Many women equate bleeding during pregnancy with miscarriage, for good reason. Miscarriages do, in fact, involve bleeding, but while bleeding may herald miscarriage, it doesn't necessarily have to. In fact, with all the changes a woman's body goes through early in pregnancy, there are many good reasons for light bleeding. Pink bleeding, in particular, is likely quite light, since blood has mixed with other vaginal fluids to yield a less concentrated, lighter flow.
The early weeks of pregnancy can be confusing for women, especially because it is very hard to tell exactly how far along a pregnancy is early on. Technically, pregnancies begin with the start of a woman's last menstrual period, meaning a woman is at least two weeks pregnant before she even conceives, explain Heidi Murkoff and Sharon Mazel, in their book "What To Expect When You're Expecting." Since it's not uncommon for ovulation to occur slightly early or late relative to the last menstrual period, a woman who thinks she's five weeks pregnant is likely somewhere between four and six weeks, though more precise pinpointing is difficult without ultrasound. Bleeding around five weeks, therefore, is actually taking place anywhere from two to four weeks after conception.
Bleeding very early in pregnancy, particularly if the bleeding is light, generally doesn't signify anything of great concern. For instance, a very common cause of light bleeding is implantation of the embryo, which occurs around the time of a woman's missed period. If a woman ovulates a bit late relative to her last menstrual period, implantation bleeding can occur around five weeks of pregnancy. The bleeding is typically light, pinkish or brownish, and more like spotting than an actual period, explains Dr. Raymond Poliakin in his book "What You Didn't Think To Ask Your Obstetrician."
There are a few reasons for non-implantation related bleeding, which can also arise around five weeks gestation. One of these is that the cervix becomes very vascular early in pregnancy, and the blood vessels of the outer cervix are quite delicate. Women often bleed a bit after sexual intercourse due to the penis hitting these vessels, notes Dr. Poliakin. Post-intercourse light bleeding, such as pink spotting, generally isn't an indication that anything is wrong. Light bleeding that becomes heavier with time, however, may be a sign of impending miscarriage, warns Dr. Poliakin. Heavy, red bleeding, particularly if it contains clots, warrants communication with a doctor.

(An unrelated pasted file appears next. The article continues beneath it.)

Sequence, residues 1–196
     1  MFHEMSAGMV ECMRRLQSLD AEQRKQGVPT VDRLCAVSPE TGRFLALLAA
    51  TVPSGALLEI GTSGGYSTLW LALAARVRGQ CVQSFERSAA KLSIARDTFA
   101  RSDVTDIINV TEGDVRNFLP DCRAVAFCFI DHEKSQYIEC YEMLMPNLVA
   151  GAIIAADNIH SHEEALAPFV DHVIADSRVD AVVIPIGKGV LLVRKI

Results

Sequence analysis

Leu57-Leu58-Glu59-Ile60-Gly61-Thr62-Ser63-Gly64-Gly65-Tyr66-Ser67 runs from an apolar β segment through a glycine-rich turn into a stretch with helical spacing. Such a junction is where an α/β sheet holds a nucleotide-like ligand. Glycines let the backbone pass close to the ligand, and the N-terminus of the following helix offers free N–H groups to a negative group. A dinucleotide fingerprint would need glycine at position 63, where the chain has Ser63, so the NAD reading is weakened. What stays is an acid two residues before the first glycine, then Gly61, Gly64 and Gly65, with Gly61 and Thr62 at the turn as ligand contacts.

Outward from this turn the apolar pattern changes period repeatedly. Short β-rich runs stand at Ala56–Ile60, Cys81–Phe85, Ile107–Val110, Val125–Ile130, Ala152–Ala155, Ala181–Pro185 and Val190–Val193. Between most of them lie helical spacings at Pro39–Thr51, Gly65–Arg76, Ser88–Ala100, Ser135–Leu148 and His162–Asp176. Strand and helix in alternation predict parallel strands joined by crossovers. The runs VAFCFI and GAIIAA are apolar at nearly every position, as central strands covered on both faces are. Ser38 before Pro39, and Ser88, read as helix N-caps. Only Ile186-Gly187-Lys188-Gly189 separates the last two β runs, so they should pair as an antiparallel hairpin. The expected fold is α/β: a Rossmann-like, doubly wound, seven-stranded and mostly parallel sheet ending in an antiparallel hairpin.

Very rarely, women may bleed periodically throughout pregnancy. Reasons for this vary, but some women actually continue to have light menstrual periods despite their pregnancy. As such, it's theoretically possible that a woman would have her normal menstrual period around five weeks of pregnancy if her cycles tend to run a bit longer than 28 days, or if she's a bit off in her dating of the start of the pregnancy. Other common causes of bleeding, such as placenta previa, in which the placenta covers the cervix and leads to vaginal bleeding, don't occur very early in pregnancy, notes Dr. Poliakin.
As a set of general guidelines, Dr. Miriam Stoppard, author of "Conception, Pregnancy and Birth," recommends discussing any early pregnancy bleeding with a physician. At five weeks, many women don't yet know they're pregnant, but for a woman who has had a positive pregnancy test, early bleeding is a good reason to make an appointment with an obstetrician to check the viability of the pregnancy and make sure everything in progressing normally.
- "What to Expect When You're Expecting"; Heidi Murkoff and Sharon Mazel; 2008
- "What You Didn't Think to Ask Your Obstetrician"; Raymond Poliakin, M.D.; 2007
- "Conception, Pregnancy and Birth"; Miriam Stoppard, M.D.; 2008